Of course it should be said that during these days we had no television, computers, smart phones and the only Tablets we had were the ones you swallowed for medical reasons. All the news came to us via the Radio or wireless or at the cinema with Pathe or Gaumont British newsreels. The BBC broadcasts were the lifeblood of communication to the country. Every News bulletin was eagerly awaited and listened to by all the family. In addition to providing this essential service the BBC also raised the country’s morale by broadcasting a variety of entertainment programmes. Millions gathered around their sets every Thursday evening at 8.30 for their much needed weekly ration of laughter. The show that provided that was called ITMA (It’s that man again) and starred comedian Tommy Handley. To hear a recording of that show today sounds very old fashioned and to be truthful a bit ‘corny’ but believe me it was a life saver in those dark and frightening days. There were plenty of programmes dedicated to popular and classical music also. One programme, broadcast twice daily was called ‘Music while you work’. This was a happy-go-lucky non-stop medley of well known popular tunes which had the listeners singing along whether in their homes, offices or in the factory’s. One hit song of the time was ‘Deep in the heart of Texas’. After the first eight words, ‘The stars at night are big and bright’ were sung you clapped your hands four times and sung the next line, ‘Deep in the heart of Texas’. This clapping of the hands was a recurring feature of the song which was fine until in some factories the workers instead of clapping would pick up their hammers and bang out the four beats on their benches or machines causing damage which didn’t amuse the management. Another popular show was ‘Workers Playtime’ this was broadcast at lunchtime from a factory ‘somewhere in England’ (this was a phrase deliberately used to avoid the enemy knowing exactly where it was coming from). Anyway the show was sent out live and the comedian would always find out in advance the name of the manager or foreman of the factory and use it in some comical way bringing brought forth laughter and good natured jeers from the workers.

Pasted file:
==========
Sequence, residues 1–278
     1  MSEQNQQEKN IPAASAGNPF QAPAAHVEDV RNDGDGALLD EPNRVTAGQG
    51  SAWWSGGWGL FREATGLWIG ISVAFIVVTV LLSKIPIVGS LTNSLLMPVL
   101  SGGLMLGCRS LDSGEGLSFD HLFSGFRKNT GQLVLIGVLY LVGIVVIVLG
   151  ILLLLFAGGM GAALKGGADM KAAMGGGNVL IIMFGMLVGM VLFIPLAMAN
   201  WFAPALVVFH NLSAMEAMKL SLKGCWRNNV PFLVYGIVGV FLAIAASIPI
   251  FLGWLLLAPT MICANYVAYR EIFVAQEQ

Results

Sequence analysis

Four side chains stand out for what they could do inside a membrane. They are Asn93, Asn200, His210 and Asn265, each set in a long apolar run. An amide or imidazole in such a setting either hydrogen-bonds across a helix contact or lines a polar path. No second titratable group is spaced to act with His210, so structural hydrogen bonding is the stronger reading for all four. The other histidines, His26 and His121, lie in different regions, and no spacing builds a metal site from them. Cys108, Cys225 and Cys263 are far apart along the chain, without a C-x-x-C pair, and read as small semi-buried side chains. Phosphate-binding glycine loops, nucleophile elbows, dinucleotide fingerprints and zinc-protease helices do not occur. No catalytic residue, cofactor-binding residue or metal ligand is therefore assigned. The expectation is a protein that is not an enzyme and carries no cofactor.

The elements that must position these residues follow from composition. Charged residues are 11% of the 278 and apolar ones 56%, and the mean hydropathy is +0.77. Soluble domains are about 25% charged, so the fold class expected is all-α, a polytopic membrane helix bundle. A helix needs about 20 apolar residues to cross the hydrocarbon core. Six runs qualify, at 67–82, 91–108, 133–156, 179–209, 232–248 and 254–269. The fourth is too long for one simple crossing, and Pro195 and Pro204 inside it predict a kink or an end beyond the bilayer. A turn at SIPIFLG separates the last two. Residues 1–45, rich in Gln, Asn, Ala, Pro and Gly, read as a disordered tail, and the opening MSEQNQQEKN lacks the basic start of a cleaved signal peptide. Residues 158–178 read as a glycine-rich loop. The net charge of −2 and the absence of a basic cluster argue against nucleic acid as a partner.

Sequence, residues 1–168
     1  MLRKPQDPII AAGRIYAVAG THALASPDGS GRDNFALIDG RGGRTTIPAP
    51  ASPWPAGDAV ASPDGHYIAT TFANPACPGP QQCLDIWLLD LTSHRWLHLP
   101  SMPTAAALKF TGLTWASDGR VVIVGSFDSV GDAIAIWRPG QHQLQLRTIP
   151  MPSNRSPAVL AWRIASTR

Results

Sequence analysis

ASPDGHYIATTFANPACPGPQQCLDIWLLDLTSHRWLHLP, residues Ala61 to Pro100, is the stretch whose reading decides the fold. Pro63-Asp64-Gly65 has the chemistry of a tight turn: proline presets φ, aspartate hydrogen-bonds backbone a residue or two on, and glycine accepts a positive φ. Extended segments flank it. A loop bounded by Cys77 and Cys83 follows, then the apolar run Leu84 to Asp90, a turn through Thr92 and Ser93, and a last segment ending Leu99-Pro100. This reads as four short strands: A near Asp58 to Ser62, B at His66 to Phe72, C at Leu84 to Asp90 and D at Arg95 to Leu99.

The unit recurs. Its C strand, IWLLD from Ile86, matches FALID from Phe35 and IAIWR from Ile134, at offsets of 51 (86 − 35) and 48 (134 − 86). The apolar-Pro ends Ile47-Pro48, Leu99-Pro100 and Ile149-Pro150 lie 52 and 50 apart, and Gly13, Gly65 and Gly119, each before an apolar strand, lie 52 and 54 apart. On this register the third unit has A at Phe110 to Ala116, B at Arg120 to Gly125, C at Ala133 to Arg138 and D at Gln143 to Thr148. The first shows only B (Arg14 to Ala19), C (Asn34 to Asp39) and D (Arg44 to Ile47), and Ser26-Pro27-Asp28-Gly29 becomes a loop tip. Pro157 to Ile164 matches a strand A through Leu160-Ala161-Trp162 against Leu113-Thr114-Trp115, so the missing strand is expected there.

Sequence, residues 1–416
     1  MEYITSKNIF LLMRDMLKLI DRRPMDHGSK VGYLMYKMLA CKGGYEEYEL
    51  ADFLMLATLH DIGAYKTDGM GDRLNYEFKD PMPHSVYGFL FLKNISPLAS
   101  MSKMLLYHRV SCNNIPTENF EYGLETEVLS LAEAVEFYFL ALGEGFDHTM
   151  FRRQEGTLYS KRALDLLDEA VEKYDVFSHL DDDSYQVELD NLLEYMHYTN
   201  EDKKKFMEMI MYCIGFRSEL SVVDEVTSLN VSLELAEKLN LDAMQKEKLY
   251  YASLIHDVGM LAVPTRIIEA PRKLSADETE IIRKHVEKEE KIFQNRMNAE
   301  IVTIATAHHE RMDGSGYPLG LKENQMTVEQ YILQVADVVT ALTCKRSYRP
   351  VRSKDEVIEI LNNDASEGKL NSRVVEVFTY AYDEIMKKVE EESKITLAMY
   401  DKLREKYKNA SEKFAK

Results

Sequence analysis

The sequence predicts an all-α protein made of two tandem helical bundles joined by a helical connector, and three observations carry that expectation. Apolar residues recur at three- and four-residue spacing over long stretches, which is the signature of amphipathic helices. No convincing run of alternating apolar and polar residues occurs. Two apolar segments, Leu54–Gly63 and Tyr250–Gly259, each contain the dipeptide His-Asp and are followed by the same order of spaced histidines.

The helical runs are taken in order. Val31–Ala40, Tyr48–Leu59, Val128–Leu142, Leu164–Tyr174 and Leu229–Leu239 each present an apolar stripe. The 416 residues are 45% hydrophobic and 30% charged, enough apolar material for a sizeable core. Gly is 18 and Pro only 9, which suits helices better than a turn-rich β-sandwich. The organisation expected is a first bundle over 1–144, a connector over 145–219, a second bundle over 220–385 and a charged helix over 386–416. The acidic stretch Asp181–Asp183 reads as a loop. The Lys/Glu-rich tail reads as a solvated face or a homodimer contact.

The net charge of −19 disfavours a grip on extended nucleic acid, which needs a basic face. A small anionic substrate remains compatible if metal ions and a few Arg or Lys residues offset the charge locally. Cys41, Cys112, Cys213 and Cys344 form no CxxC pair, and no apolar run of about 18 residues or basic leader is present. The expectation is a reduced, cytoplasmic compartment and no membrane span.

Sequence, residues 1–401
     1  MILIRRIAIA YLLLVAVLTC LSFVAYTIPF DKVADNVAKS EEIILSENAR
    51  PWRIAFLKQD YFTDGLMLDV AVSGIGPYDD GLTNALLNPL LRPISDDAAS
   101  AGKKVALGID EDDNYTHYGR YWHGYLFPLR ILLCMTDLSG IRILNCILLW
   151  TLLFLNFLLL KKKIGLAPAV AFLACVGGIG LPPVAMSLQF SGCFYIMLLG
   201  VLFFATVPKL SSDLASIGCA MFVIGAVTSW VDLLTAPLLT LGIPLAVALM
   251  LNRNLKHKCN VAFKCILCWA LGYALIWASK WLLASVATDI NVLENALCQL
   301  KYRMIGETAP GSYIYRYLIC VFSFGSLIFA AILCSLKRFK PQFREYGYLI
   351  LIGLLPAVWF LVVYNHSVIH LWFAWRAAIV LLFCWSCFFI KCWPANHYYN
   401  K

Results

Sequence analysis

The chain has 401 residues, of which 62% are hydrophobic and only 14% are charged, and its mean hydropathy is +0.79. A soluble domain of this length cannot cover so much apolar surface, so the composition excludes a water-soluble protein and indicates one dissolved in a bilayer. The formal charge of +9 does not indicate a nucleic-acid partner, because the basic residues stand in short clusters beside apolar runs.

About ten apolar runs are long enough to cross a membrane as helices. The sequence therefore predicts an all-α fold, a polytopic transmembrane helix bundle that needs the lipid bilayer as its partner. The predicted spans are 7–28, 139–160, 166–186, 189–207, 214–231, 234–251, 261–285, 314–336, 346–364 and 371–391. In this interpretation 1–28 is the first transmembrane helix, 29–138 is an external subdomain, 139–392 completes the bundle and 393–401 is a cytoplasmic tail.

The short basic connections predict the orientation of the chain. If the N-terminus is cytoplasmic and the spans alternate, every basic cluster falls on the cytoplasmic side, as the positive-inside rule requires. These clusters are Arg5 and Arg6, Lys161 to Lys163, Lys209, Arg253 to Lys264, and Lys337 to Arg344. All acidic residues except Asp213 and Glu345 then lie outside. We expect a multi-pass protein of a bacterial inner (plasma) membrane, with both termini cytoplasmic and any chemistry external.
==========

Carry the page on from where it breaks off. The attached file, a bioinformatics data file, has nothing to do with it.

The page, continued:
The other star who must always be remembered was singer Vera Lynn. Many people thought her voice to be a bit ‘slushy’ but personal taste should not be allowed to detract from the wonderful work she did. As the ‘Forces Sweetheart’ she regularly broadcast on the BBC with her programme ‘Sincerely Yours’ and travelled overseas to entertain the troops particularly in to Burma to sing for what was called ‘The Forgotten Army’. She was a vital link between the troops and their loved ones at home. At the time of writing this (2016) I am pleased to say Dame Vera (as she is now) is still alive, aged 99. I still enjoy listening to her for, like Churchill’s stirring speeches, hearing her singing those wartime recordings of ‘Yours’, ‘The White Cliffs of Dover’ and ‘I’ll be seeing you’ takes me right back to those dark days.
In July 1941 the BBC introduced its new V for Victory sign. This brilliant idea took the form of the first four notes of Beethoven’s Fifth Symphony –daa, daa, daa, daa, This was ironic to say the least, considering that Beethoven was German, and now part of his music was being used against his own countrymen. The BBC broadcast these four notes to occupied Europe and it proved to be a great morale booster to the resistance workers giving them encouragement and also engendering a spirit of defiance to the enemy which resulted in them chalking up V signs on doors and walls.
After the tragedy of the Dunkirk evacuation in 1940, air raids became a nightly occurrence. Due to my father’s three month period away working in Wales he found on his return that he had lost his warden’s post, but he quickly stepped in and became a ‘fire watcher’ both at work and in our street.